*This op-ed was orinially published in the Feb. 6th print edition of The Daily Nation, the Kenyan newspaper.
There are many things we know – with certainty – about female genital mutilation/cutting (FGM/C). We know that more than 200 million women and girls in the world have undergone FGM/C. We know that it happens in parts of Kenya – and that it is against the law in this country. While the evidence of FGM/C’s physical and mental harms is well-documented, we know there are people who support it as a cultural practice. We also know that many people are against it: people who see an obligation to respect the human rights of girls and women.
We’re learning more about FGM/C – where it happens, why it happens, how it’s shifting, opportunities for abandonment – than we’ve ever known before. For the first time in Kenya, we’re able to go beyond national data and understand what’s happening on a local and community level. Only with a nuanced, evidence-based approach to FGM/C will we be able to lay the foundations for a Kenya where no girl is subjected to a cut.
As we mark International Day of Zero Tolerance for FGM/C, we’re taking stock of these new insights. The national prevalence of FGM/C in Kenya has gone down from an estimated 38% of women in 1998 to 21% in 2014. But still, the data shows us there are parts of Kenya where change is slow or non-existent. In Garissa, Kisii, Mandera and Wajir counties, rates of FGM/C remain persistently high. Isiolo county has recently seen an increase. At the same time, we see progress and small reductions in FGM/C in Nyamira and Samburu counties, and amongst the Maasai in Narok and Kajiado counties.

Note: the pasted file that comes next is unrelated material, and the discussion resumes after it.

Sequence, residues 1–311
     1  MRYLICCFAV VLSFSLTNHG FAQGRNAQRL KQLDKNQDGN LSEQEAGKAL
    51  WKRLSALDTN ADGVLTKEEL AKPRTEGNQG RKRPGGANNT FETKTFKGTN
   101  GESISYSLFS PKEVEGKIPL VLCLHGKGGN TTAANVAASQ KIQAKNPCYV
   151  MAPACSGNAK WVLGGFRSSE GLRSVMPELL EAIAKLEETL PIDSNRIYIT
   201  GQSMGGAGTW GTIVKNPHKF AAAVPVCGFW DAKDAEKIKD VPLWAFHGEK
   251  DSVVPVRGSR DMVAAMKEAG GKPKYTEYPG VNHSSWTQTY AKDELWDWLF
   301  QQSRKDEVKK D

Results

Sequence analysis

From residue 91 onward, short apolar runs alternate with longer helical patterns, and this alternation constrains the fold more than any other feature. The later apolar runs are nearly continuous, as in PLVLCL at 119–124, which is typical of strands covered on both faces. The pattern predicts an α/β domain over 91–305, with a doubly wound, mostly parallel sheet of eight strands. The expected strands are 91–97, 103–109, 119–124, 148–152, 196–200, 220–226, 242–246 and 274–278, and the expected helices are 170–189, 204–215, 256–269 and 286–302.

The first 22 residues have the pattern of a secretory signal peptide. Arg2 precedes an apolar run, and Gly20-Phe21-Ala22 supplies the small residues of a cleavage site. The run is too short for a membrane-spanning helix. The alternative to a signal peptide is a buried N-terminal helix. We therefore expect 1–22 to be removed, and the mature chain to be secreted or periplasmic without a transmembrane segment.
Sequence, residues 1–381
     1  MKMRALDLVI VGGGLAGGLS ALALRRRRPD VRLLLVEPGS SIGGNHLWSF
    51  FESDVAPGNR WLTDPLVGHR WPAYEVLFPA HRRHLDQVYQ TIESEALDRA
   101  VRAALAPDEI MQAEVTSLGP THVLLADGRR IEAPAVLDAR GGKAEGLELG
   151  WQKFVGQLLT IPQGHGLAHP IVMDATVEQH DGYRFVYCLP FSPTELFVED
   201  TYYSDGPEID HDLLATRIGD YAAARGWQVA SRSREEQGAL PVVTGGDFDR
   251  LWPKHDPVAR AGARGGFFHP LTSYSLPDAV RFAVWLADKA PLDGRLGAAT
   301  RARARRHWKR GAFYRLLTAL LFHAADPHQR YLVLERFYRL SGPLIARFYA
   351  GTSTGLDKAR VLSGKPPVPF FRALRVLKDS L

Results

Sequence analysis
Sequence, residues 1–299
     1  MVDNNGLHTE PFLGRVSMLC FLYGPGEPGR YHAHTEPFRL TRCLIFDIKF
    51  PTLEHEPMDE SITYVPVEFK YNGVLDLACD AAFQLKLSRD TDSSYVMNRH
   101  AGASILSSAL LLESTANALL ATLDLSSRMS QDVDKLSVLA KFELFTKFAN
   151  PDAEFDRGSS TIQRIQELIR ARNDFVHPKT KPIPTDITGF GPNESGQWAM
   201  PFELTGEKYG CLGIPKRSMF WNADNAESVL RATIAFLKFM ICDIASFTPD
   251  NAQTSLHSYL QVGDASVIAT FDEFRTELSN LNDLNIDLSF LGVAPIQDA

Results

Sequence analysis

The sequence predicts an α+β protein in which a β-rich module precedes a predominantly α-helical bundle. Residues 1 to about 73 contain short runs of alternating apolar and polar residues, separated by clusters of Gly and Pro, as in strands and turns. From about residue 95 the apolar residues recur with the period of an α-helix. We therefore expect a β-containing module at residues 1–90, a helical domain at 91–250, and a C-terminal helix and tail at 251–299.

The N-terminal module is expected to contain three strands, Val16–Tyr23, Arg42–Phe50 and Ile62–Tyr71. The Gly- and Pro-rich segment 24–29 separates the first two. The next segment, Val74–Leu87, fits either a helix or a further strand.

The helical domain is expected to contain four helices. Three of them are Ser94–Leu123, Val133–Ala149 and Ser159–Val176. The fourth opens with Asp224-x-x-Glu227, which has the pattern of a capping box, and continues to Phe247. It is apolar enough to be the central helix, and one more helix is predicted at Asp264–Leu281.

And yet, there is still a lot we do not understand about FGM/C. Why, for instance, has FGM/C reduced in Nyamira and remained high in neighbouring Kisii county? What’s getting in the way of progress in counties in North-eastern Kenya? And what are we getting right in Narok? We need to continue to seek answers to these questions so that we can say, with certainty, what it is that is creating change, or keeping things the way they are.
What I do know, after over a decade of research into FGM/C, is that we are finally beginning to produce good research that will support more positive approaches to girls and women’s empowerment and abandonment of FGM/C. Working with communities and organizations across Kenya and beyond, our African-led Evidence to End FGM/C Research Programme is on a quest for reliable, actionable data.
With good data, national and county governments can work more closely with communities to address their issues and track any changes that are happening. For example, in Kenya, we are seeing higher FGM/C in rural areas than urban; different rates of cutting amongst daughters of women with no education as compared to those with more-educated mothers; and different rates of FGM/C based on ethnicity, religion and household wealth. Our data also shows a trend towards cutting girls at younger ages than previous generations and that more girls are being cut by healthcare professionals. This knowledge helps us have more candid and targeted discussions about FGM/C and what needs to be done. Rigorous evidence puts us in a better position to talk about how cultures are always changing and will continue to change and how we, together, can contribute to the abandonment of FGM/C. Though advocacy, policy and legal actions on FGM/C are essential, they must be guided by reliable research or they risk having unmeasured or unintended effects.